A  very confusing discussion by Azzi, who first mentions Paul Bremer’s dismantling of the Iraqi Army, which was indeed an ill-thought out decision, for many of the discharged Sunnis kept their arms and fought against an Iraqi government that now favored the majority Shi’a. Azzi then switches to ISS, and asks, and answers, his own question: why does someone from Minneapolis or Birmingham, England  go off to join the Islamic State? It is, Azzi claims, they are “so angry, so marginalized, so dispossessed.” What can he possibly be thinking of? Many of those who joined the Islamic State have been well-off — lawyers, engineers, doctors, living comfortably in the West, where they were neither ‘marginalized” or “dispossessed.” Some of the girls who joined ISIS were not “angry” but interested in finding suitably fanatical Muslim mates. Many of the men and women who arrived wanted to establish an Islamically pure state, without any modern accretions. They wanted to swell the caliphate’s ranks, to secure the leadership of Al-Baghdadi. Many were enthusiastic about living in a polity ruled entirely by a true, primitive, undiluted Islam.. Even after the defeat of ISIS, women still in camps in Syria have told BBC and NPR reporters that life in the Islamic State was like ‘paradise.” Quite a few mentioned that particularly wonderful was the prohibition on all music, for they knew for a certainty that after death those who had listened to music while alive would have molten lead portaged into their ears. It’s Muslim fanaticism, not “anger” with the West, that explains the existence, and continued appeal — which will appear again, in other places — of the Islamic State.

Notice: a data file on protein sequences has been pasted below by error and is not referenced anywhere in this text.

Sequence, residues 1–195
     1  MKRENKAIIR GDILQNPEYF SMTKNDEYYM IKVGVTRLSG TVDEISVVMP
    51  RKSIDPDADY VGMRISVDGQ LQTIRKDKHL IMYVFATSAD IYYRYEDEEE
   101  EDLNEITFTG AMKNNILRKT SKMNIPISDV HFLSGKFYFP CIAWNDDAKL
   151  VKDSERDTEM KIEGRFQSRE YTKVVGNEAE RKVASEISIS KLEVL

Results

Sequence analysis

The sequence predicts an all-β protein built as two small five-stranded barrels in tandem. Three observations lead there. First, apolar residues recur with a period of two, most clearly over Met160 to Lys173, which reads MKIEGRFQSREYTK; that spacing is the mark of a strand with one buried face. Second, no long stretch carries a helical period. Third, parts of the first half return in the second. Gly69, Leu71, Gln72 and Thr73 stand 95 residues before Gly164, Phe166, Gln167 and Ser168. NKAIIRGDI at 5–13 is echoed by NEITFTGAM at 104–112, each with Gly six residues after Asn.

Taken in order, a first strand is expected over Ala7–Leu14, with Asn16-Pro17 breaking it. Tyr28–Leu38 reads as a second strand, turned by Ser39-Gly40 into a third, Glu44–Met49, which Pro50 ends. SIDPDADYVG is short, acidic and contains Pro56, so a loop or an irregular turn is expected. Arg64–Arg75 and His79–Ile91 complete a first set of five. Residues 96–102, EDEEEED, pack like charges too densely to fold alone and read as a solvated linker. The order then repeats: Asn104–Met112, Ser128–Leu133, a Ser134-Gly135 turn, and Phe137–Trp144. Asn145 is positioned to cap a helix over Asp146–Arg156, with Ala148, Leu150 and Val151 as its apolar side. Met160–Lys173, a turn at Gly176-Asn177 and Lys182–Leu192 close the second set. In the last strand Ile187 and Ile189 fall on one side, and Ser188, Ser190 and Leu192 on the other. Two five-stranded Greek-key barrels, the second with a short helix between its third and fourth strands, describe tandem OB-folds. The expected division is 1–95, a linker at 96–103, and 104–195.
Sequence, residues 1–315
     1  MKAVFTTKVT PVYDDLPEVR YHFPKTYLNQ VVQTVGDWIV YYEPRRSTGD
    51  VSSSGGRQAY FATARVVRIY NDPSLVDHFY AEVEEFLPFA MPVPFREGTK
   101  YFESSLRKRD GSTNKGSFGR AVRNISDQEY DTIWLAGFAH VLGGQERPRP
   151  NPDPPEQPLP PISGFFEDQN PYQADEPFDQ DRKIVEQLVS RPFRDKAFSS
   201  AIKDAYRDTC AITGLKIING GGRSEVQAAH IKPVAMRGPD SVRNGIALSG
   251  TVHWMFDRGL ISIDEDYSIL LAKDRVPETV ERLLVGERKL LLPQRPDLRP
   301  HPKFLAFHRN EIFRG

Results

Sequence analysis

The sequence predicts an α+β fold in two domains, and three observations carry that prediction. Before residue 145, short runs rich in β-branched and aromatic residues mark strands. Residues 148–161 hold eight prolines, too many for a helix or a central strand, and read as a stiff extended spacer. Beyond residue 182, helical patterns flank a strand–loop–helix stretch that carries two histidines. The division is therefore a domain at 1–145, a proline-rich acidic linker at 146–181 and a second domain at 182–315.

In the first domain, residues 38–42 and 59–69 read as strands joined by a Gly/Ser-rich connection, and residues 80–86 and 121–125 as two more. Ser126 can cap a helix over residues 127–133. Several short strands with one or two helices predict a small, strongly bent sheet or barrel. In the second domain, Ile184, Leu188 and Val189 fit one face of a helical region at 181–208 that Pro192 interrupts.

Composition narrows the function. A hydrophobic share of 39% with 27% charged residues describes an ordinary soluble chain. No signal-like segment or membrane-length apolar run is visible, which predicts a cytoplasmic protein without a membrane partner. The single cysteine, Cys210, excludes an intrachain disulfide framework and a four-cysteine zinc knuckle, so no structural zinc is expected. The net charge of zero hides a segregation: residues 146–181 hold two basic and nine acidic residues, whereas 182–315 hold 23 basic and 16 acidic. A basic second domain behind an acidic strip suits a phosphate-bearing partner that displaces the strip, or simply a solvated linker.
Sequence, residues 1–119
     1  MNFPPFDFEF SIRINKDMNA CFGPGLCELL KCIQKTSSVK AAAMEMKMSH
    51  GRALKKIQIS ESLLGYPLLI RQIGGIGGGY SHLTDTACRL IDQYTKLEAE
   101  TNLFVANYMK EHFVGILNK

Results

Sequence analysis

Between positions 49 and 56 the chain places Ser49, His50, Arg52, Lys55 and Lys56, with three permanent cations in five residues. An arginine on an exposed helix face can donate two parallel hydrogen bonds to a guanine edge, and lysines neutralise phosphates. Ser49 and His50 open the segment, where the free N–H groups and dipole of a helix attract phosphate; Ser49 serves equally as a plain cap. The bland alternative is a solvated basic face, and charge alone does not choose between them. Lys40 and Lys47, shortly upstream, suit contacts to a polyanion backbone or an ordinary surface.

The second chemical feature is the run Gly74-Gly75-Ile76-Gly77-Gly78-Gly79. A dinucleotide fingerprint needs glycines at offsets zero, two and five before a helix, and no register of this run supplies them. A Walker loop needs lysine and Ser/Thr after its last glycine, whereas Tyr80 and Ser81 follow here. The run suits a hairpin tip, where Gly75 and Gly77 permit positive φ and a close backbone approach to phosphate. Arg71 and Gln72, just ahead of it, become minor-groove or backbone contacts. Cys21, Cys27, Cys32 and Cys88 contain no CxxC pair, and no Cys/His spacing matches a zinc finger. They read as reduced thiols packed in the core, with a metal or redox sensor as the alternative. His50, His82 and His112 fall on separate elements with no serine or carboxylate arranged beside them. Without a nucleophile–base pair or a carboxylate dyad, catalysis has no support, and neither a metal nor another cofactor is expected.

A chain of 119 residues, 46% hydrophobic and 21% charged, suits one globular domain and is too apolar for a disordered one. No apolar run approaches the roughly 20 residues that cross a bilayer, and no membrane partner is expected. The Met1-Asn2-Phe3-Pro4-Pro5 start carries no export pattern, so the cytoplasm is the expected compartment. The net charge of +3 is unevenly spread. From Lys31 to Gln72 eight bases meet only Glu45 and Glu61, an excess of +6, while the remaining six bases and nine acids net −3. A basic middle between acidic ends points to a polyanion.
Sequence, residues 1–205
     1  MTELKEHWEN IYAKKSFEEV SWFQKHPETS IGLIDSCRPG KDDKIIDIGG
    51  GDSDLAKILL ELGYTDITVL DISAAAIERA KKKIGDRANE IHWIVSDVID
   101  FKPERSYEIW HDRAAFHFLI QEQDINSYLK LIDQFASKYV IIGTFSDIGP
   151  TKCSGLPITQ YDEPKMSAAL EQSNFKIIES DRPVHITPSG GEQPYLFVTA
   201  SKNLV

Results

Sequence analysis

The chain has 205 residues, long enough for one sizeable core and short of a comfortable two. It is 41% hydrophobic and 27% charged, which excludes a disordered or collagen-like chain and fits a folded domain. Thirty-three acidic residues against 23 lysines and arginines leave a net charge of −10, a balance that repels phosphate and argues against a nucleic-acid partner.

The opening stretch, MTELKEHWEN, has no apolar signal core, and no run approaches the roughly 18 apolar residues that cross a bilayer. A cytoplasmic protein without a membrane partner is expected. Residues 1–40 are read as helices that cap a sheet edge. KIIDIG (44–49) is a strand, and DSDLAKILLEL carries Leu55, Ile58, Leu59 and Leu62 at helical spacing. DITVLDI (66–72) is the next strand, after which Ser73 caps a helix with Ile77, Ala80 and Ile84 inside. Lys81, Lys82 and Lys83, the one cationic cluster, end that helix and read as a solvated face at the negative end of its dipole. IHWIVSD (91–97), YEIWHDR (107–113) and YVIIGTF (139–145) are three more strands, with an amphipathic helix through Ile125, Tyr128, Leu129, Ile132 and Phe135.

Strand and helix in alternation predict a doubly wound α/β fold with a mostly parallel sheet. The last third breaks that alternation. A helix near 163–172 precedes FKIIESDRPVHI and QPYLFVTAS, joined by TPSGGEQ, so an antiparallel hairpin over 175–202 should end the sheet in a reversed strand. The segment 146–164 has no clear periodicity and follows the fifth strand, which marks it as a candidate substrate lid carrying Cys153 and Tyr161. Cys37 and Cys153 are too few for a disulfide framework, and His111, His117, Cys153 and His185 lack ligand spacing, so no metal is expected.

“Members of the audience were of all ages and backgrounds but the underlying theme, which motivated them to attend the event was a desire to learn more from a first-hand source.
Comment:
Yes, what better way for uninformed Unbelievers, with their “desire to to learn more” about Islam than to listen to Robert Azzi, a past master at taqiyya and tu-quoque, who knows that “war is deceit,” and who has honed his skills at misinforming unwary Infidels  through nearly fifty of these “Ask-A-Muslim-Anything” event, that he has held throughout  New Hampshire and in neighboring states.